Q: I have to go back to this genre thing… “Edge of the Woods Suite” is this powerhouse of a song and shows you in completely new light. It sounds like a new exploration for you, almost a willingness to go beyond your other work. Incorporating what you’ve done in your other albums, just to their extremes. (The horn section, being my favorite dynamic change) What was it like writing a 13 minute suite? What inspired it? You seem to have used all you gained from tonal exploration in your other work and just threw it down to create this massive piece. Can you tell us a little bit about how you find tones for the instruments you choose and how they work together? A: Funny thing is that nearly all of that suite is from 2007! I was 15-16 years old when I wrote that. I was working on Dreamstate for so long that it kind of blends together, but I have recordings of the piano part from back then. It's crazy! It's like I had the creativity to do it, but not that musical talent. I had to work hard to get to a point where I could actually finish that song. I'd always wanted to write my own "Supper's Ready" like Genesis. I will never be able to do that, but this is as close as I'll likely get. I also really like Brian Wilson's modular approach to songwriting, where you write bits and pieces and put them together later. As far as horns are concerned... let's just say I've got some surprises ahead!
Q: What upcoming projects are you working on? A: I'm working on tracking my fifth album! I've got most of it done too! I'm really working hard to make sure this one sounds GREAT. I am using as many real acoustic instruments as possible. I am doing more takes, more re-arranging. I'm cutting more too. I don't want any scraps. I'm aiming for an extremely short-run lathe cut vinyl release. In addition to that, I've got a full length Three Philosophers album on the shelf and an instrumental EP in the works.
Q: What’s it like being a father and a musician? Do you feel like it improves your work? Or changes it in a way? A: I have to focus a lot more on being a father! Everything takes longer because I don't have as much time as I used to have. But I don't mind. I love being a dad. If only I didn't have to work 40 hours a week.
Q: Do you have any comments and suggestions to new songwriters coming onto the scene or just recently having explored writing? Anything to avoid? Things to focus on? A: Keep writing. Don't stop. It's probably not going to be good for a while, but don't stop. It'll get better if you keep trying. Try to take criticism well too. Nobody likes being told that their song isn't great, but it is just a fact of life. Not everything you do will be good. Try to use that criticism to improve your craft. Don't take yourself too seriously, but take yourself seriously enough! Focus on your melodies and your words. Don't let lazy melodies or lyrics slip out. And DON'T release all your music publicly as soon as it's done! It's not done yet! I released so much garbage when I was younger because I didn't have the ears I have now. I still don't think I've recovered from the negative impact those early garbage tracks dealt me. It's true what they say about first impressions.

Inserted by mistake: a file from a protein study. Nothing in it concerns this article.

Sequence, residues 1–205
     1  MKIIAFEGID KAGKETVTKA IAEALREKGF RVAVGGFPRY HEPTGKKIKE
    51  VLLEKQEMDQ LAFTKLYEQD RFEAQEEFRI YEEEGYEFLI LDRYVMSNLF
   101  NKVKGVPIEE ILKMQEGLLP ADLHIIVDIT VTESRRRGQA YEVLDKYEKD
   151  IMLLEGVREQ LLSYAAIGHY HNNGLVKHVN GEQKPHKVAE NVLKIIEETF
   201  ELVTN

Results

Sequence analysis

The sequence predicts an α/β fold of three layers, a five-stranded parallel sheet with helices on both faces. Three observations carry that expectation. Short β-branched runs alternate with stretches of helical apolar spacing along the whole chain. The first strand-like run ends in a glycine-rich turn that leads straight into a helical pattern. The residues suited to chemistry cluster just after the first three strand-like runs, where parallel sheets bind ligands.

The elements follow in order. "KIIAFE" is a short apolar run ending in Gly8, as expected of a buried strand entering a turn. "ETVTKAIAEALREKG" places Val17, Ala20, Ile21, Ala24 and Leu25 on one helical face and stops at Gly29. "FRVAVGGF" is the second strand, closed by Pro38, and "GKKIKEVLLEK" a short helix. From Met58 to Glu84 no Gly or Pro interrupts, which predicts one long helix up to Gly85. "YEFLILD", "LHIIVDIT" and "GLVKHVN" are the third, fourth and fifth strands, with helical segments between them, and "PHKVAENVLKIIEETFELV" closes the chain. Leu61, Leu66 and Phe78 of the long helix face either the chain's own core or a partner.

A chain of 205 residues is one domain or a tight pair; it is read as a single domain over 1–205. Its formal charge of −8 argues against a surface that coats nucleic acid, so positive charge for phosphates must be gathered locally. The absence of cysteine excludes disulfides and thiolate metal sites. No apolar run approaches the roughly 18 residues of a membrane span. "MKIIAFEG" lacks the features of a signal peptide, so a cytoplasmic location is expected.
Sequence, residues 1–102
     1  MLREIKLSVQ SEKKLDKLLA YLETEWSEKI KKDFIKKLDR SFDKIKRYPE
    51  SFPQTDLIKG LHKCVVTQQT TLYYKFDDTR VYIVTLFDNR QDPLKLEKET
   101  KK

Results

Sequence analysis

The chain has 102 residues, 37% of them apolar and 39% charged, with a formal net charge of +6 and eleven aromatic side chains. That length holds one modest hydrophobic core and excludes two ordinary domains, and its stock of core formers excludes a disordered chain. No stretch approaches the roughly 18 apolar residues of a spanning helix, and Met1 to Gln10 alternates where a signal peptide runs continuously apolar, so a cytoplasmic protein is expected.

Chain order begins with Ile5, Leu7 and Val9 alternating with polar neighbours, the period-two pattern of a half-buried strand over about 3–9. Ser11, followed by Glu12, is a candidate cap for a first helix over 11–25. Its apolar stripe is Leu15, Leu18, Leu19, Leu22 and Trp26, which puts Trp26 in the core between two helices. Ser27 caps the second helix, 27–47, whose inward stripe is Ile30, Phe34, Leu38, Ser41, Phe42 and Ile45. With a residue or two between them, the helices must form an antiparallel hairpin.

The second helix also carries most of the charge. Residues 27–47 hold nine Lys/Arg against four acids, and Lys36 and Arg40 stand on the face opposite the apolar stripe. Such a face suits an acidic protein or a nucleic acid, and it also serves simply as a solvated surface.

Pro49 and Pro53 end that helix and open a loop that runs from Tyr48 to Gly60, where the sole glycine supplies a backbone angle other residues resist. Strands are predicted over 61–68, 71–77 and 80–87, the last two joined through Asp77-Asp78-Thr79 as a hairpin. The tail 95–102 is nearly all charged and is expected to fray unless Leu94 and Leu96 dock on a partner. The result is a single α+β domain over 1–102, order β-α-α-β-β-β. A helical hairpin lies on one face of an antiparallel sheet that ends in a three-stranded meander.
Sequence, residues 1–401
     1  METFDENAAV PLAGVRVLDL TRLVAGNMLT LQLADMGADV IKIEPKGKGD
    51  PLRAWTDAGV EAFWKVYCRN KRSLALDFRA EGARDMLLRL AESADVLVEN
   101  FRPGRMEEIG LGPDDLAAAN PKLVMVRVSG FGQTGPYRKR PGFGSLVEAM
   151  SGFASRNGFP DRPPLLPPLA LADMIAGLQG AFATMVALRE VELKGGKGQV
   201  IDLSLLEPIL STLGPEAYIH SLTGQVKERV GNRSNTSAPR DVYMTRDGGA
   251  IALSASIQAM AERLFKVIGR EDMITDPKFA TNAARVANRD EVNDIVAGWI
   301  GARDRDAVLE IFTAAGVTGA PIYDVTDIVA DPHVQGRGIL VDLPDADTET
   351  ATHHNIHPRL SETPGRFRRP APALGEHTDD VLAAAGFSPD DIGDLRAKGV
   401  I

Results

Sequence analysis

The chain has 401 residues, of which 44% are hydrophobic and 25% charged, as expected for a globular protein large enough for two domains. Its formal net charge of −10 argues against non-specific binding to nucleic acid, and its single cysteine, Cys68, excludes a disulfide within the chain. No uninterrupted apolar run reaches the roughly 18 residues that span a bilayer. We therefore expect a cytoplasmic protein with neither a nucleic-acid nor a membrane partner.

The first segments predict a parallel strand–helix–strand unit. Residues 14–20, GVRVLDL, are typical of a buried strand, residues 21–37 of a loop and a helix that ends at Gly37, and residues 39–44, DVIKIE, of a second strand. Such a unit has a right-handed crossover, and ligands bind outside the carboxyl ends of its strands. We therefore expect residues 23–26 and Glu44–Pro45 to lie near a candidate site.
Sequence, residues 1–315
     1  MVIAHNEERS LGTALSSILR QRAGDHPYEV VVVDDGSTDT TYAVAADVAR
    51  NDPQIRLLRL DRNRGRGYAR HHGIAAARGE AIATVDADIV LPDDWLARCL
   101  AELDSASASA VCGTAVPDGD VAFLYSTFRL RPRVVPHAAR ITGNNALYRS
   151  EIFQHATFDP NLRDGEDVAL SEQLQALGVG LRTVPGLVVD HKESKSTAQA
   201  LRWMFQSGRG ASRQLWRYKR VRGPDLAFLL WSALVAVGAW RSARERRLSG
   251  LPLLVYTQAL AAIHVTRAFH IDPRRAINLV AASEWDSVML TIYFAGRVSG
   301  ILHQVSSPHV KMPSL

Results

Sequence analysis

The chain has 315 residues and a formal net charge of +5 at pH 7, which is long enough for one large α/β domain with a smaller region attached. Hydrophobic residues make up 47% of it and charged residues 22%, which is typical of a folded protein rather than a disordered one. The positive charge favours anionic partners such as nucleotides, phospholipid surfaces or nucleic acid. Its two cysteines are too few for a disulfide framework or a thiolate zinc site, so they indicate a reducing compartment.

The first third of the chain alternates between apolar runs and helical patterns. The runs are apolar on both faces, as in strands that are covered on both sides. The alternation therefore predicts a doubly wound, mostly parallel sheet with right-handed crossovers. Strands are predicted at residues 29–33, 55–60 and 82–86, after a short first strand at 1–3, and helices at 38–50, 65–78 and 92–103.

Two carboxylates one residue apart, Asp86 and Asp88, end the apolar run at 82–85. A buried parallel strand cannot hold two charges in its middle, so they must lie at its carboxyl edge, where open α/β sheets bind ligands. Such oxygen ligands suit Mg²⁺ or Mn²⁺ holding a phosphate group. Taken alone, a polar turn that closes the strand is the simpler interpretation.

*It's hard sometimes to listen back with new ears, but growth and change is a part of all of our lives. There is something to be said about listening back and knowing "I'm better now, I've learned a lot."
Q: Do you have any regrets in the music industry? A: I wish I'd have started earlier. I didn't start playing and writing until I was already in high school. I didn't get "good" at it until after college. That's too late. I missed my opportunities to be in bands and form the connections with local audiences and musicians alike.
Q: I know many musicians can be die hard analog or die hard digital. Are you an analog or a digital guy? Do you find mixing the two in a hybrid manner gets a better result? A: Both. I see the good in both formats. I love analog for romantic and unscientific reasons. I love digital for convenience and cost. I do blend a bit of both so I can have the affordability of digital with the tactile feel of analog, but I'm not really sure if it's any better. I listen to vinyl not because of sound quality or warmth, but because it forces you to sit and listen. Vinyl is an activity in itself. You've got to pick a record out, clean it, turn the stereo components on, drop the needle, FLIP IT OVER HALFWAY THROUGH! It's not something you do to put on in the background. Vinyl is for active listening. Digital is for background music.
*We have witnessed a resurgence of vinyl in the past decade or so, this is why I believe. Many of the younger generations now are discovering and enjoying the active participation that comes along with taking a deep breath and listening. Vinyl's cool, man. You should try it.
Q: If you were able to play one stage in the world what would it be? A: I've often dreamed of playing the Allen Park band shell... lol. But I'd like to play for a crowd that knew and loved my songs. I don't care where that is. They don't have to give a shit about me.
*As a gigging musician myself, I appreciate the humble nature of this response. Many of us have dreams of massive stages, but Mike... Mike just wants enjoyment and appreciation of the music. That is what we all strive for I think, regardless of the size of the stage.
The Allen Park Band Shell is a small open air theater with hill seating, nestled within the South-Eastern community park in Jamestown, NY
Q: If you could thank any musician for their influence who would it be? A: That's really tough. I'd either have to give that to Steven Page or Ben Folds... maybe Billy Joel.
Q: Beyond music, what projects do you enjoy? What gets your brain moving? A: I enjoy cooking/grilling/smoking food. I enjoy making beer. I honestly really like sitting around and doing nothing. Just slowing down and enjoying living for a little bit. I like looking at the sky, watching the clouds or stars.
Q: Do you find yourself listening to much music on your downtime from writing and recording? Or does it become taxing or an overload of mental capacity?
A: It depends. I don't have much downtime now, but I'm sure I'll get a bit more as the baby grows up a bit and doesn't require CONSTANT supervision. I wouldn't say it is taxing, but sometimes I like to deprive myself of certain albums for a while so that I don't wear them out or become TOO influenced by them.
One might ask how and why we choose our featured artists and who to interview. To be simple and honest, Mike Brunacini is the prime example of both the how and the why. An individual devoted to his craft and his admiration for exploration, creation and learning. A real man, with a 9-5 who has put out in a decade more fully composed albums than many musicians put out in their entire 30+ year career. He is not a household name, he is not a Billboard top 40 artist (Yet... Times are changing!) but he is wholeheartedly encompassing the reason we admire and delve head first into the infinite unknown space of art.
Mike Brunacini is a Singer, Songwriter, Composer and Father from the Western, NY Region.
Be sure to keep up to date with all of his shenanigans on his website (Here)